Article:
WHAT IS RBM
Restricted Boltzmann Machine is one of the special cases of Boltzmann Machine, which restricted all visible-visible connections and hidden-hidden connections, which makes for each hidden unit, it connects to all visible units, and for each visible unit, it connects to all hidden units. Following is a figure which shows the model of RBM.
RBM is kind of unsupervised learning method, it is often uses as the pre-training of large deep networks, it is also the basis of DBN.
There are tons of tutorials and blogs online that introduce the underlying math of RBM (energy-based model and so on), so I’m not going to make the effort on explain these things, instead, I’m going to talk about some details on implementing it.
In order to train an RBM, we’d like to minimize the average negative log-likelihood:
And when doing that by using stochastic gradient descent,
The idea of CD method is replace the expectation by a point estimate at v(t), and we can get this v(t) by Gibbs sampling, v(t) is the node where the chain converges.
Here’s how this Gibbs sampling works (say the weight matrix between hidden layer and visible layer is W, the bias vector of hidden layer is B, the bias of visible layer is C):
- Convert training data x into binary form, by build a v(0) matrix, each element of v(0) is randomly chosen to be 1 (versus 0) with probability of x (For correctly doing this, x should be pre-processed by normalization).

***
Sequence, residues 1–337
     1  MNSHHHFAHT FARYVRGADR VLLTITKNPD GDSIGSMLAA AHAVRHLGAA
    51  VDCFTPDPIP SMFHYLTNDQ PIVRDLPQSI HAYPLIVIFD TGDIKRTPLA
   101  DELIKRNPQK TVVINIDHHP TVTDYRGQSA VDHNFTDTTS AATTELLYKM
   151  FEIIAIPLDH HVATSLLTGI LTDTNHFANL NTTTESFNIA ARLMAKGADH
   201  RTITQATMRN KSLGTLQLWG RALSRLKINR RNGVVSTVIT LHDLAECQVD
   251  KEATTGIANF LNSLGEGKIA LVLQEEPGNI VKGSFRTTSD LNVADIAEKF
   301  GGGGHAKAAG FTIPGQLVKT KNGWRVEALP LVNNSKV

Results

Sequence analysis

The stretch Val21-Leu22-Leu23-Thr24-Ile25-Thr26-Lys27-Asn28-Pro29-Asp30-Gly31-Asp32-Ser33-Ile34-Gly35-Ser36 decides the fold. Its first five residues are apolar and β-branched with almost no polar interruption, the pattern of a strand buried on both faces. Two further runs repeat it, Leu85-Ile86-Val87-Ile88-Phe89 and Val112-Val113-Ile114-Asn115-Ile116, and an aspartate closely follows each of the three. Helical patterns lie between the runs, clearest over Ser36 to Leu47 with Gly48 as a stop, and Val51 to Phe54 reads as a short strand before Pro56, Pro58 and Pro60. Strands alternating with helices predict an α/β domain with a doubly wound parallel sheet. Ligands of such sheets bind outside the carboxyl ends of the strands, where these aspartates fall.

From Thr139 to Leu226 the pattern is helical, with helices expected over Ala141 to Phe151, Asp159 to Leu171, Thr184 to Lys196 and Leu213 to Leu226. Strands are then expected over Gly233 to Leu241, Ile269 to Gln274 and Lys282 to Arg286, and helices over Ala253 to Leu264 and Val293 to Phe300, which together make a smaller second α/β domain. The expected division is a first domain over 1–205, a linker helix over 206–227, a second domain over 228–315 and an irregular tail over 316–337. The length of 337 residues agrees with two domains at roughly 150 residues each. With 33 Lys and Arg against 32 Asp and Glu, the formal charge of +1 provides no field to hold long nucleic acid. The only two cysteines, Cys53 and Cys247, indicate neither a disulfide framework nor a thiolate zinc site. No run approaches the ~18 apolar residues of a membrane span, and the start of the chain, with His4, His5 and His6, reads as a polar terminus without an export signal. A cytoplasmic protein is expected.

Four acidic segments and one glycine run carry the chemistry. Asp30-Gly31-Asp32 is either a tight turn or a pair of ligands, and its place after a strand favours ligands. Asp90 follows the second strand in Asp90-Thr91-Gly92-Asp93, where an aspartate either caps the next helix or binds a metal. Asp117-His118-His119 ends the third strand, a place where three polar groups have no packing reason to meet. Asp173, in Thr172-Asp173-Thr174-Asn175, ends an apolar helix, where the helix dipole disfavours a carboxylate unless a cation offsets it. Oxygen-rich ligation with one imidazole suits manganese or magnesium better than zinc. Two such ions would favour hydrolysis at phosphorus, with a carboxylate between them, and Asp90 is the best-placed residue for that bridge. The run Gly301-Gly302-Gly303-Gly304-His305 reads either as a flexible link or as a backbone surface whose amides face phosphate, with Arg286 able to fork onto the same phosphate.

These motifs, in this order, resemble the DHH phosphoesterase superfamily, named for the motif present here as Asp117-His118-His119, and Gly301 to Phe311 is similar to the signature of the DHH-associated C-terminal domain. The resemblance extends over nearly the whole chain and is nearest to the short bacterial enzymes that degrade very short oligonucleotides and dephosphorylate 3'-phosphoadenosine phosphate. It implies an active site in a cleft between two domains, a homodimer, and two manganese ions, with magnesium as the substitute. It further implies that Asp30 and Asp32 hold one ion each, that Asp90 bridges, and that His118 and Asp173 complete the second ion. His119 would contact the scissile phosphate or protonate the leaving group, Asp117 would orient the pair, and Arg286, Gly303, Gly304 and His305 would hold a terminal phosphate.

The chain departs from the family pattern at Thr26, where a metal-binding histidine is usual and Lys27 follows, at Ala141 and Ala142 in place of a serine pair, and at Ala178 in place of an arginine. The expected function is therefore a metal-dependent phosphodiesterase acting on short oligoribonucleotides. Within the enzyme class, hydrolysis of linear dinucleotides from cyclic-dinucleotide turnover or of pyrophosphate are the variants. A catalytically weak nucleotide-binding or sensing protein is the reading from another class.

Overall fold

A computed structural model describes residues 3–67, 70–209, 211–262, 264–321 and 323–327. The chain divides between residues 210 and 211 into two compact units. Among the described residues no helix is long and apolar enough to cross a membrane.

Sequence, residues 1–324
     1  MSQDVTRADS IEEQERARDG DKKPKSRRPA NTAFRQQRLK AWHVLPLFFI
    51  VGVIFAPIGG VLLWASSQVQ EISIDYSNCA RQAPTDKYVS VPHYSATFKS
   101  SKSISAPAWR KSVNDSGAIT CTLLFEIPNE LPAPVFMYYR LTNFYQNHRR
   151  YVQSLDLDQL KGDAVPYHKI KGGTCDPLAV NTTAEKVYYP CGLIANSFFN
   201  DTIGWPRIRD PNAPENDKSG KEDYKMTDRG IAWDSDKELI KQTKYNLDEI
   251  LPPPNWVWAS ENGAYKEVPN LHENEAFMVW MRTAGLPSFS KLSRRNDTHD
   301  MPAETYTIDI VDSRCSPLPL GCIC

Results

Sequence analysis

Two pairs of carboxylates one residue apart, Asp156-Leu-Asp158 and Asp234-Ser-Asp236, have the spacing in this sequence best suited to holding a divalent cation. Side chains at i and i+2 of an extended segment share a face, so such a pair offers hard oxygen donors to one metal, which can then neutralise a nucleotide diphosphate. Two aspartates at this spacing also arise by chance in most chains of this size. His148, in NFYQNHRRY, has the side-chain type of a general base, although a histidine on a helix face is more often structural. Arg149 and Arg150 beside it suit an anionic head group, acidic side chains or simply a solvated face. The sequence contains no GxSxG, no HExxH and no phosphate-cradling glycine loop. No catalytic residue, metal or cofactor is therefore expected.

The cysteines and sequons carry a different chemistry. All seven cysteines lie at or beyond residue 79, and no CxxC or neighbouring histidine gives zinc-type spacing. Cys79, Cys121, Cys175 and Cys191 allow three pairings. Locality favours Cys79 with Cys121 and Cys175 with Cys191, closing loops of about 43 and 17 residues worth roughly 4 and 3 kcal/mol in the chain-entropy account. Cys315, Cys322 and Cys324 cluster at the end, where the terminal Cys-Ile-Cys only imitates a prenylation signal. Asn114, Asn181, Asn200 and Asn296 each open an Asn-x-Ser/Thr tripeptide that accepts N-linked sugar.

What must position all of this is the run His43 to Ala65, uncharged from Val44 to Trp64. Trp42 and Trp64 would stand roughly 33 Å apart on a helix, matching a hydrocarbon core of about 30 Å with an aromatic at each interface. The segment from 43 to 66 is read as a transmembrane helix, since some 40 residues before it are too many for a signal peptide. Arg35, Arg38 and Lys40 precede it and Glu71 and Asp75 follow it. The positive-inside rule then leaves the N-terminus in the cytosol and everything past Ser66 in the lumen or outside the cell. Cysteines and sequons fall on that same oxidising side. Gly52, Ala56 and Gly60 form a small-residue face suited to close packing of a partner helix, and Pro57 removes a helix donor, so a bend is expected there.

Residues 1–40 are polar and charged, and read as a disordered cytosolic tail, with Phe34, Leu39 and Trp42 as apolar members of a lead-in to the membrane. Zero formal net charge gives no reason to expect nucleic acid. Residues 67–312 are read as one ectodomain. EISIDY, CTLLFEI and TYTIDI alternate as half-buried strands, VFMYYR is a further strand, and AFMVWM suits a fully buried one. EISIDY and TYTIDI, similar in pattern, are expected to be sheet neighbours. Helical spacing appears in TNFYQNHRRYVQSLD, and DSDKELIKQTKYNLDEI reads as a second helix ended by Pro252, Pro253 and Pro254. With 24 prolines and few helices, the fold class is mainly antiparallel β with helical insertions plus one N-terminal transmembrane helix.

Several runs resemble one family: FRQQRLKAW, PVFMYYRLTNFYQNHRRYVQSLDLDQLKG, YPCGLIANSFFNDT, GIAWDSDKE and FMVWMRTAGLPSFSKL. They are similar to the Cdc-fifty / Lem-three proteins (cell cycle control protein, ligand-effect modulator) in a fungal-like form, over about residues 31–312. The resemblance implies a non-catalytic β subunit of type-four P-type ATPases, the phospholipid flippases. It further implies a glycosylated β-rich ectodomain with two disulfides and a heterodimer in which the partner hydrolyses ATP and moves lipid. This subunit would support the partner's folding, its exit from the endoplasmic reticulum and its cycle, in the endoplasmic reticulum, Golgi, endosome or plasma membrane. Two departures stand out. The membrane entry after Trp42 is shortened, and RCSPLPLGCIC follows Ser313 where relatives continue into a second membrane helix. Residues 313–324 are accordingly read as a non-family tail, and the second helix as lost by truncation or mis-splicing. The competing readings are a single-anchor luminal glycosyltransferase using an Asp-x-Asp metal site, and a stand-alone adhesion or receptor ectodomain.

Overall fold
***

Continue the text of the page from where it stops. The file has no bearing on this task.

- Now positive phase, calculate a positive-probability matrix which is Sigmoid(W’ * v(0) + B), then normalize this matrix.
- Build hidden layer matrix h(0), each element of h(0) is randomly chosen to be 1 (versus 0) with positive-probability matrix we got in last step.
- Now negative phase, calculate a negative-probability matrix which is Sigmoid(W * h(0) + C), then normalize this matrix.
- Build new visible layer matrix v(1), each element of v(1) is randomly chosen to be 1 (versus 0) with negative-probability matrix we just got.
- Repeat doing the above steps, with positive phase and negative phase in turn, until the chain converges.
Say the chain converges at v(t), then sum((v(0) – v(t)) ^ 2) is the error.
If we manually make the CD method iterates k times of Gibbs sampling, then this method is called CD-k. In general, the bigger k is, the less biased the estimate of the gradient will be. However, in practice, the CD method works pretty good even we let k equals 1, especially we train this RBM net for pre-training.
After we get this v(t), or x-tilde in following formulae, we can then update parameters W, B, and C:
The whole CD method is nothing but keep Gibbs sampling and parameters updating until stopping criteria.
I implemented single layer RBM using C++ and Armadillo.
(All results are shown by gif images, be patience please…)
I used the MNIST dataset for testing.
First I tried to train 50 different features for only digit 7.
Then I tried if I can see the difference between CD-1 trained weights and CD-5 trained weights (100 hidden size), here are the results:
CD-1 (left), CD-5 (right):
And I tried to learn a 500 hidden size net, here’s the result (this image is really big, about 20M).